At that time, said Erdogan, Turkey had to make its position clear about the naked aggression: “This was not about the Israeli people, but about the state’s conduct.” He is adamant that the defence of Turkey’s own people is more important than relations with Israel, “so we demanded of Israel three things which were mentioned earlier an official apology, compensation and lifting of the blockade of Gaza.”
The Prime Minister explained that that was the first step taken in trying to deal with the situation. After raising the issue in many international circles, an investigation commission was formed and a report of 200 pages was issued after a year. “We were very patient during that time and agreed to postpone the report’s publication to give diplomacy a chance to solve the crisis peacefully while Israel kept refusing to apologise.” However, when Israel asked to postpone the report for a further six months the request was passed on by US Secretary of State Hillary Clinton to Turkey’s Minister of Foreign Affairs, Ahmet Davutoglu at the Libya Summit in Paris on 1 September the request was rejected. “We gave Israel a further week to make its mind up,” said Erdogan.
“However, the US media leaked the report so Turkey had to act,” he added. “That’s when we downgraded diplomatic ties and expelled the Israeli ambassador, his deputy and all staff above the rank of Second Secretary.”
Other measures included the suspension of military agreements with Israel, mobilising the navy to escort Turkish ships in the eastern Mediterranean and supporting legal cases brought by the Flotilla victims’ families against Israel in the international courts.
Did the Israeli military attaché refuse to leave Ankara, I ask. “Yes, but he will be forced to go by diplomatic means, as his rank is above that of the new acceptable level.”
When I suggested that having the Turkish navy in eastern Mediterranean harbours raised the stakes and prospects of war to the extent that Turkey’s actions caused the Tel Aviv Stock market to crash, the Prime Minister explained the situation in greater detail.
(4) “Israel attacked the Mavi Marmara in international waters with total disregard for international laws and conventions. It treated the Mediterranean as an Israeli lake. We had an obligation, as did the international community, to bring Israel back to its senses. All we said is that our warships will escort Turkish ships in international waters, this is our legitimate right and no one should object to it, but this has angered Israel, which sought to defend its appropriation of international waters in the Middle East.”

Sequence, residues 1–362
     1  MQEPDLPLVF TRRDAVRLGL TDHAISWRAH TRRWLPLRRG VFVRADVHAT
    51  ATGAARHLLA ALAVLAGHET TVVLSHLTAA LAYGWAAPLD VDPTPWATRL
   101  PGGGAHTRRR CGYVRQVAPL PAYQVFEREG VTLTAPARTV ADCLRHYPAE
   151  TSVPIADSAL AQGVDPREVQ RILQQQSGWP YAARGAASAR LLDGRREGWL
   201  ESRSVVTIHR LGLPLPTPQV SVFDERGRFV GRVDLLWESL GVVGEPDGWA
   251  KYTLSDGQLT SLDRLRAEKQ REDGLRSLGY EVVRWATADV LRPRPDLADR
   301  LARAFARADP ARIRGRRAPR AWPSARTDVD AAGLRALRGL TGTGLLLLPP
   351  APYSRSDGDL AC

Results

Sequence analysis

But couldn’t the presence of Turkish ships result in friction with the Israeli navy; couldn’t the Israelis try to provoke Turkey into a military confrontation? “This is a possibility, but a remote possibility which is not supported by regional and international conditions; nonetheless, the Turkish navy is ready to deal with all possibilities including the worst case scenarios.”
Although Turkey has frozen military agreements with Israel, said Erdogan, “we made no reference to trade relations, which total around$2.5 billion annually”. As far as Turkey is concerned, he added, economic relations are supposed to continue as they are even though the recent events have cast a shadow over them. “In addition, we did not take any measure with regard to economic ties with Israel, but it did not deal honestly with us, nor did it commit itself to normal trade ethics.”
What does he mean by that? “Turkey bought 6 Israeli drones and paid for them in full when the military agreements between the two countries were in force. These drones needed to be serviced so they were sent to Israel for that purpose. After they were serviced, Israel refused to return them. We did not expect such behaviour as it goes against business ethics accepted in normal trade relations.”
(5) We understand Turkey’s plan A and plan B, but what about plan C? The Prime Minister thought for a few seconds, and then said that we should not anticipate events. “Plan C depends on Israel’s reaction and readiness to accept a fair solution which preserves Turkey’s rights and dignity.”
What he could say, was that Turkey is committed to four things: “It is our duty to preserve the rights and dignity of the Turkish people, who gave us [the government] their confidence, and to come to the defence of the martyrs’ blood that was shed by Israel; we shall do this by standing up to Israeli indifference and arrogance – the Israelis are used to trampling upon international laws and conventions. We insist on achieving our demands through political, diplomatic and legal means. Finally, we are firm on the need to lift the blockade of Gaza as it is a flagrant violation of international law.”
Israeli Prime Minister Benyamin Netanyahu has talked about the desire of his country to mend and improve relations with Turkey, I said, and to my knowledge there are many intermediaries working to mend relations between the two countries. Erdogan interjected: “That’s true, but Israel has to apologise first and comply with the conditions we have announced. No one should imagine that Turkey will forfeit the dignity and blood of our people. This is what we have told all intermediaries, for whom we have much respect, I might add.” However, he said, when Israel’s leaders fail to read the political situation surrounding them, they lose their supporters and friends, even in the United States.
“When former ministers and an intelligence chief say that Netanyahu is a danger to Israel and that he is pushing his country towards further international isolation, this is a significant sign that shows the extent of the negativity caused by Israeli policies and practices which reflect utter contempt for international law and accepted behavioural norms in a civilised world. Turkey cannot keep silent about such behaviour, especially following the killing of our citizens. There has to be a limit to Israel’s arrogance.”
Fahmy Huwaidi is an Egyptian writer.
Source: Al Jazeera net
The views expressed in this article belong to the author and do not necessarily reflect the editorial policy of Middle East Monitor.